Water Rescue Training

Courtesy photo.

Together, Larimer County Department of Natural Resources (LCDNR) in partnership with Larimer County Sheriff’s Office (LCSO), Larimer County Office of Emergency Management, Poudre Fire Authority, and City of Loveland encourage caution as boaters, paddlers, and anglers approach the water for recreation this spring. Colorado recorded nearly 40 fatal drownings in 2022, which was officially the deadliest year across the state’s lakes, rivers, and streams, according to Colorado Parks and Wildlife.

Snowmelt and flow of area rivers and streams increase during the spring runoff. The Bureau of Reclamation also anticipates allowing more water through Lake Estes this spring. This may lead to higher-than-average streamflow in the Big Thompson Canyon, in addition to swift currents and cold, deep water that normally occur during the snowmelt season.

Justin Whitesell, Emergency Operations Director at the Larimer County Sheriff’s Office, advises recreators to plan ahead before going out. “Our county has a lot to offer in terms of outdoor recreation,” he said. “We want our community members and visitors to get home safely with positive memories to share, and a little bit of preparation goes a long way.”

Larimer County officials offer safety guidelines for recreating on flat or moving water:

Wear it! Personal flotation devices (PFDs) save lives. Children 12 and under are required by law to wear a PFD at all times.

Take a boating safety class. Colorado Parks and Wildlife offers a state-approved course to safely operate a motorized vessel in Colorado. Register at cpw.state.co.us/learn/Pages/BoatingSafetyCourses.aspx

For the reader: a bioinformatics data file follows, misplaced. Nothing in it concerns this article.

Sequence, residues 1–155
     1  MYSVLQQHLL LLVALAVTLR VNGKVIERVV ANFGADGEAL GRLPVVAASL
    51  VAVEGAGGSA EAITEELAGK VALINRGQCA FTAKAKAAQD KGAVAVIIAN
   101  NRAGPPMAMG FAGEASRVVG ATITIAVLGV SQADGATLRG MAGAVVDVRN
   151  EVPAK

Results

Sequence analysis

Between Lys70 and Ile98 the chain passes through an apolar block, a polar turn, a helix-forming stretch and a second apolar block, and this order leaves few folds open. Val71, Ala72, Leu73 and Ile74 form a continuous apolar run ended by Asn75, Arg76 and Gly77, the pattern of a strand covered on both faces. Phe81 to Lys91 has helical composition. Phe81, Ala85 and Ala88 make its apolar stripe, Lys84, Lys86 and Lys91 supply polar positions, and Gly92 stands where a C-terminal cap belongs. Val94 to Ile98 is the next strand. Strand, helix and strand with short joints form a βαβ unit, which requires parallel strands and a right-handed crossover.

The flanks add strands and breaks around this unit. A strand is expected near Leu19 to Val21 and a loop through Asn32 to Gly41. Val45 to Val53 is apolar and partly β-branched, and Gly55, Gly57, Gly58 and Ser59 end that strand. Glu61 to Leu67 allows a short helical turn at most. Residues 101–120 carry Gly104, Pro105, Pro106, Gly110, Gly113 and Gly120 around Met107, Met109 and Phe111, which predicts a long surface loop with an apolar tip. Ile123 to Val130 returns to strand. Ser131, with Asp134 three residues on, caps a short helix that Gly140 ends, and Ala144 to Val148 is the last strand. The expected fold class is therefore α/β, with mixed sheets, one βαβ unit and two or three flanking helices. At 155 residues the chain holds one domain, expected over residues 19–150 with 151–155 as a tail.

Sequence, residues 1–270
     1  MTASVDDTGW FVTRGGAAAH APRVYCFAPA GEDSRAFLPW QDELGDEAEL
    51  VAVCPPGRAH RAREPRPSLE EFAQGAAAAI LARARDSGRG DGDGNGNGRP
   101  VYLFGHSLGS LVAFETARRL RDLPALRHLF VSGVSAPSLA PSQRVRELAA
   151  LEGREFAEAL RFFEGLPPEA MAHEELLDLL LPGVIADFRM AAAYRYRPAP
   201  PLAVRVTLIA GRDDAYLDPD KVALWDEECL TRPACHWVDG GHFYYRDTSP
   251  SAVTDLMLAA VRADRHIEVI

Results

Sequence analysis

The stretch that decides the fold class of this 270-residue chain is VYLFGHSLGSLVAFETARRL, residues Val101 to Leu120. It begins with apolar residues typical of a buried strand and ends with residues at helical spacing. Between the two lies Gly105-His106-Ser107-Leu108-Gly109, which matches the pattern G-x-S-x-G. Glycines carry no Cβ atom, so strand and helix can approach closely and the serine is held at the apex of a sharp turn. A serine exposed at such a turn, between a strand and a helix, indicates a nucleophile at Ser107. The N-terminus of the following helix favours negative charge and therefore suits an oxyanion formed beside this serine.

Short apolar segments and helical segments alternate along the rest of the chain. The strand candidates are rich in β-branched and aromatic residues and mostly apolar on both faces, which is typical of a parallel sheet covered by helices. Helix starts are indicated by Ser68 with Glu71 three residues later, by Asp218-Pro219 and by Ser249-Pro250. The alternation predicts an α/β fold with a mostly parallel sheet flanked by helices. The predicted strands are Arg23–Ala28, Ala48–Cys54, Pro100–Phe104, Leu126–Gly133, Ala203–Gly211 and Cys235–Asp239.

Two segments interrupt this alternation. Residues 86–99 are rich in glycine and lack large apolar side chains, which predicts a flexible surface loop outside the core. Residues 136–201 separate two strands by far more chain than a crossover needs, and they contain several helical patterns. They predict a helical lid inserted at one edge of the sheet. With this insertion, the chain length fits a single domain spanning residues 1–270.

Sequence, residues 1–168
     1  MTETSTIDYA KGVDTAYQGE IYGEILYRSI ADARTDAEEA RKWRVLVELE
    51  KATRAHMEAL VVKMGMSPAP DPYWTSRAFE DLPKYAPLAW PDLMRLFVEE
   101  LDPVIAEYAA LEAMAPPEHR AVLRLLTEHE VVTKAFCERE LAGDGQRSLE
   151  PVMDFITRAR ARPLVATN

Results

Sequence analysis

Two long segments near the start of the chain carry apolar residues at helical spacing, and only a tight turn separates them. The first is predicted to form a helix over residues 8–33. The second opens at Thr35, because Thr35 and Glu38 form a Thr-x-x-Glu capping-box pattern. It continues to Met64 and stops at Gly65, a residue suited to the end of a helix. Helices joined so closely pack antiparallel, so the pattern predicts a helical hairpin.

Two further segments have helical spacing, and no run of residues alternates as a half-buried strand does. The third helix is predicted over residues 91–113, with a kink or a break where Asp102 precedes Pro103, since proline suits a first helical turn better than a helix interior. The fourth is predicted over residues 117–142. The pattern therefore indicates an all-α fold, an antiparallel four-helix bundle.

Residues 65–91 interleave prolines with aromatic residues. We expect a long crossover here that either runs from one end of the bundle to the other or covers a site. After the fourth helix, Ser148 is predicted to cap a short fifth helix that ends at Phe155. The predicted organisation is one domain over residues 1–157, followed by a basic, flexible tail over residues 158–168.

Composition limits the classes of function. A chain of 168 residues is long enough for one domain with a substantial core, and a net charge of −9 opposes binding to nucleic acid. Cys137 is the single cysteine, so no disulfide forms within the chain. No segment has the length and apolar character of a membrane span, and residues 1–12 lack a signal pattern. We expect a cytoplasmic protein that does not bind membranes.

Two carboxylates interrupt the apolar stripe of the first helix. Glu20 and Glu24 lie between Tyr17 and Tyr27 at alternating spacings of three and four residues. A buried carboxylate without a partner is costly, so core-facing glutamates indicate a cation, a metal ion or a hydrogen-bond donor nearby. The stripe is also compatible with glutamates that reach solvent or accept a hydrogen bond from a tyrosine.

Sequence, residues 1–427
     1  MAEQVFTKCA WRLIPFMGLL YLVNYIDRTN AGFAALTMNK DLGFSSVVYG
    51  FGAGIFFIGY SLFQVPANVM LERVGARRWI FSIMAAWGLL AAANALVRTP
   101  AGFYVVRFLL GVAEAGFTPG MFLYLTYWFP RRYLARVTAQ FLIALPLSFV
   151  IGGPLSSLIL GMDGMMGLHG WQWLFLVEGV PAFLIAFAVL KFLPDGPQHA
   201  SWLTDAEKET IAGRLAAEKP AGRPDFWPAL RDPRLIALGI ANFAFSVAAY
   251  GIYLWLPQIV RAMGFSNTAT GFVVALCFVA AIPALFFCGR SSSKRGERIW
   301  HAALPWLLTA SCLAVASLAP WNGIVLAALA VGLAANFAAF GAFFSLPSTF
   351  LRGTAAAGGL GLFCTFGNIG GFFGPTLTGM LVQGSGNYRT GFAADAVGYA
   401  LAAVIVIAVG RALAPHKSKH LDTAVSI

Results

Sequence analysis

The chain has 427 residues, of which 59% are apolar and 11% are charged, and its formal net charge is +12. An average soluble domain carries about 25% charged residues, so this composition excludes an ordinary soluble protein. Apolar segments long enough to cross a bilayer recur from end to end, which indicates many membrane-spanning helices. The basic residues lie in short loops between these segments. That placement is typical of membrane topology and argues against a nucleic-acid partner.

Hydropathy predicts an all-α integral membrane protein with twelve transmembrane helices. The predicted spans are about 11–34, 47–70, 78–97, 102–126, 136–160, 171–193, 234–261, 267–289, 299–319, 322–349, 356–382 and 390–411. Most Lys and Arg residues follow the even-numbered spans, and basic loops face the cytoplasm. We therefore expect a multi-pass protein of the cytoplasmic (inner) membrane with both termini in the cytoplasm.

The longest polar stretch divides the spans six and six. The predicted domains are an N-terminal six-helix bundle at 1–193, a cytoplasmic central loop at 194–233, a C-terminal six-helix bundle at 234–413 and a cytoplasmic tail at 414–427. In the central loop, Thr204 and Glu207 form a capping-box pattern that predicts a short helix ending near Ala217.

Bring a whistle. State and federal regulations require vessels to have a sound-producing device onboard at all times.

Have a float plan. Tell someone where you are going and what time you expect to return.

Check the forecast and keep an eye on the weather.

Bring a cell phone. If you have an emergency but cannot call for help, try texting. Text-to-911 is available in Larimer County.

Be ready for sudden high winds and springtime weather changes.

Bring extra layers of clothing and rain gear. Spring water is deceptively cold, increasing the risk of hypothermia.

Protect yourself from the sun. Wear sunscreen and stay hydrated.

Avoid alcohol or marijuana. Public consumption is against the law, and impairment can create serious safety risks while recreating on the water.

Know and understand all the laws of any body of water where you plan to fish, boat, or paddle.

Be respectful of other vessels on the water.

Label your watercraft with your name and phone number. Lost tubes, kayaks, and paddles can cause concern if found without context. Including contact information can help first responders reach the owner and confirm your safety.

“We want everyone to have a great time while recreating in Larimer County, but we also want you to visit us again. Please wear your PFD and have the necessary equipment and preparation before you head out to the reservoir or river,” said Chris Fleming, Visitor Services Manager, Larimer County Natural Resources.

For more tips and information about recreating responsibly on land and water, please visit larimer.gov/naturalresources/recreate-responsibly.

This water safety message is supported by Larimer County public agencies working together to increase outdoor recreation safety for community members and visitors.

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